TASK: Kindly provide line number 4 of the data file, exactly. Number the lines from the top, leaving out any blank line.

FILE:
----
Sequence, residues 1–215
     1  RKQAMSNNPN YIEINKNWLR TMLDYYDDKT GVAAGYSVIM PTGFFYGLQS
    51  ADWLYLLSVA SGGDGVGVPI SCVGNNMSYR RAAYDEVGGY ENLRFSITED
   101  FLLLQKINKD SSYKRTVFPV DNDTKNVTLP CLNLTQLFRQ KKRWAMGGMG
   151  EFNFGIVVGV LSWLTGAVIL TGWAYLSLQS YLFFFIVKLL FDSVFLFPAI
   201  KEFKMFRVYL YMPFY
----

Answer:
   101  FLLLQKINKD SSYKRTVFPV DNDTKNVTLP CLNLTQLFRQ KKRWAMGGMG